6. the-future-now: the-future-now: After 40 years, scientists may have solved the mystery of the “Wow!” space signal In August of 1977, a group of astronomers examining radio transmissions in Ohio received a mysterious signal from an unknown source. Shocked by its incredible length — 72 seconds — one scientist scribbled “Wow!” next to the recording, inadvertently giving the unusual communication a nickname that would last decades. Now, after 40 years of grappling with possible explanations for the Wow! signal — which even include the possibility of aliens — scientists at the Center for Planetary Science have finally solved the puzzle. A comet unknown to researchers in the 1970s likely caused the signal, and researchers were able to test that theory in a recent fly-by. Read more (6/8/17) follow @the-future-now​ Update: Turns out, that mysterious Wow! signal may still be a mystery Not everyone is on board with the recent “Wow!” signal discovery. Alan Fitzsimmons, a scientist at the United Kingdom’s Queens University Belfast, told Astronomy Now that it’s actually “rubbish.” He claims that a 1420-MHZ signal from a comet has never been detected before, and that the 266/P Christensen would be too quiet, even at perihelion — the point that a comet is closest to the sun. Meanwhile, comets are typically very active when at perihelion. Read more (6/12/17) via
  7. neurosciencestuff: Our nervous systems have left-right differences that are important for correct functioning. Handedness is probably the best-known asymmetry arising from the development of the nervous system. This is observed very early on: embryos of eight weeks already tend to move their right arms more often than their left arms. At this ‘age’ signals are not sent from the brain to the arms yet, but only from the spinal cord. A few weeks later, left-right differences also become visible in the shape and size of the premature brain. A team of scientists from the Netherlands, the UK and China searched for genes that contribute to left-right differences in the nervous system, in the period between four and eight weeks after fertilisation. The genetic analysis showed that the left and right sides of the spinal cord develop at different paces. The left side of the spinal cord matures slightly faster than the right side. Sets of key genes that control growth and maturity were found to reach a more advanced profile of activity on the left side than the right. In the hindbrain, an area which is the predecessor for some adult parts of the brain, this was the other way around. “This seems logical, since many nerve fibers cross over from one side to the other at the boundary between the hindbrain and spinal cord,” says Carolien de Kovel, lead author of the study and researcher at the Max Plank Institute for Psycholinguistics (MPI). “How exactly this left-right genetic difference in the spinal cord leads to right-handedness is, however, not yet clear.” Clyde Francks, head of the MPI research group ‘Brain and behavioral asymmetries’ and Research Fellow at the Donders Institute at the Radboud University, explains, “We think that these very early left-right differences in the spinal cord may act to trigger some of the later asymmetries of the brain, such as the eventual dominance of the left hemisphere for language functions in most adults’. Asymmetry and schizophrenia “Around 85% of humans are right-handed; it seems the standard in human development,” De Kovel adds, “but genetic and environmental factors may provide alternative paths of development, such as left-handedness or two-handedness. Interestingly, disturbances in such asymmetries seem to be more common in people with psychiatric conditions such as schizophrenia.” Hence, De Kovel and her colleagues also compared the results of their study with genetic factors that influence the risk of schizophrenia. It was found that genes which exhibit the largest left-right differences in the embryos also tended to be involved in the risk of schizophrenia. “The findings do not prove directly that these genes cause schizophrenia by their actions in the spinal cord, because the same genes are also active in the grown-up brain. However this does provide us with clues on which we can base further research,” De Kovel explains. via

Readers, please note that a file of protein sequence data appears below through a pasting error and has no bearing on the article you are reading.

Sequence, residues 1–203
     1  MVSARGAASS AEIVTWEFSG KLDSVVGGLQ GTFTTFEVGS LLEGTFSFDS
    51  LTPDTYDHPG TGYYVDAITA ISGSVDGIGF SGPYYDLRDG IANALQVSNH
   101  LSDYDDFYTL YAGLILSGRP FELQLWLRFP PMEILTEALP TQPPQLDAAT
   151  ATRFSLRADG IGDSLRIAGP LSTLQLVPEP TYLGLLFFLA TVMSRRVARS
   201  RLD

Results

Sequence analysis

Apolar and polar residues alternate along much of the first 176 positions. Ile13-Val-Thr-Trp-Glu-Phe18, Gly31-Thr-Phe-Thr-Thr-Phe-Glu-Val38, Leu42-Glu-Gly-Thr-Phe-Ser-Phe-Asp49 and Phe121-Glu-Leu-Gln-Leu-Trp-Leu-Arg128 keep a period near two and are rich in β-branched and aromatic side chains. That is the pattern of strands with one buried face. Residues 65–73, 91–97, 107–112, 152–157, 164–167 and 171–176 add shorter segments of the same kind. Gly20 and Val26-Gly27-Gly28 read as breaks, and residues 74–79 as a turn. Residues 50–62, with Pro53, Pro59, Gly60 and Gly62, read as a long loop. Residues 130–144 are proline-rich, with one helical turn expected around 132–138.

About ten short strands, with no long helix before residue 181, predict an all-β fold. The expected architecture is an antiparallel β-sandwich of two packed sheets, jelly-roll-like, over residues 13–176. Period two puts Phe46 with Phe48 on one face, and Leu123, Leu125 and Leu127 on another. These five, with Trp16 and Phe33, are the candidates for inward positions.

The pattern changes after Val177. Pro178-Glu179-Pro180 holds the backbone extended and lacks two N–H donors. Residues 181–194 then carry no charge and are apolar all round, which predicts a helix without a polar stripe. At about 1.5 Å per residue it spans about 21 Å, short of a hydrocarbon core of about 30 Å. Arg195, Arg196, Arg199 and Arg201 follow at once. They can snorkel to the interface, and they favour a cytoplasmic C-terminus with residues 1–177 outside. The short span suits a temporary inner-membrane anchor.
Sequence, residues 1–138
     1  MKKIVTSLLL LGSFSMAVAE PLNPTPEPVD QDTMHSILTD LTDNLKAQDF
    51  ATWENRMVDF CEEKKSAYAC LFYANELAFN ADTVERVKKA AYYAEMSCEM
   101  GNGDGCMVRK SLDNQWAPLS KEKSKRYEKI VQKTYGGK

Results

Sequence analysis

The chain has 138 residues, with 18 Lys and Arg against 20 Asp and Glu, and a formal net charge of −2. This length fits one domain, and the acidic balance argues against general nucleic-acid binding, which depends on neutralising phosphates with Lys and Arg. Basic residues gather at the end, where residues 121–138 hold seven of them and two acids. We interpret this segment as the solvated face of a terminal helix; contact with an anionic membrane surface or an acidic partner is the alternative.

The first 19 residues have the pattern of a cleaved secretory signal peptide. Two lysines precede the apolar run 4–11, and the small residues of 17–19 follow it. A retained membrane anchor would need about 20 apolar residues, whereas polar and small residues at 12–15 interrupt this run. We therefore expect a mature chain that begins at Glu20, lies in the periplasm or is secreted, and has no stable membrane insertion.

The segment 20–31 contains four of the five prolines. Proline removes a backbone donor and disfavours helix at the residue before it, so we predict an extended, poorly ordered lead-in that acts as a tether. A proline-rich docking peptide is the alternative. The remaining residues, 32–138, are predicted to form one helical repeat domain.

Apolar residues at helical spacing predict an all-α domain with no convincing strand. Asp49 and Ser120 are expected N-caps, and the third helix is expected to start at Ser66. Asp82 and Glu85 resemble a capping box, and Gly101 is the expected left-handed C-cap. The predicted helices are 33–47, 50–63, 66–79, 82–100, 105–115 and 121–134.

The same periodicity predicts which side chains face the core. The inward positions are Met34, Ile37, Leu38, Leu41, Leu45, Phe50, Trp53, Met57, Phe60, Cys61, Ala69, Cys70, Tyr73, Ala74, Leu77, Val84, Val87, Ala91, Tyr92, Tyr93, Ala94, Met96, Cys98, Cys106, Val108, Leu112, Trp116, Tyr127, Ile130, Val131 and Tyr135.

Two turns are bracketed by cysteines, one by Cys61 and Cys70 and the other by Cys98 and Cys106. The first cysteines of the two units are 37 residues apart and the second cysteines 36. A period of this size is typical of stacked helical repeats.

8. The New iMac Badass Pro WWDC2017

  9. cellimagelibrary: Melanoma! Image of the Week - June 5, 2017 CIL:38978 -
      Hello guest!
    Description: Human melanoma cell undergoing cell division. The chromosomes (blue) have separated and the two daughter cells have almost split apart - only a small bridge of cytoplasm remains. The green staining labels the endoplasmic reticulum and the red labels the mitochondria. The image was produced on a confocal microscope; the ER and mitochondria are from a single optical section but the chromosomes are a 3D reconstruction from a series of sections. Authors :Paul J. Smith and Rachel Errington Licensing: Attribution-NonCommercial-NoDerivs 2.0 UK: England & Wales (CC BY-NC-ND 2.0 UK) via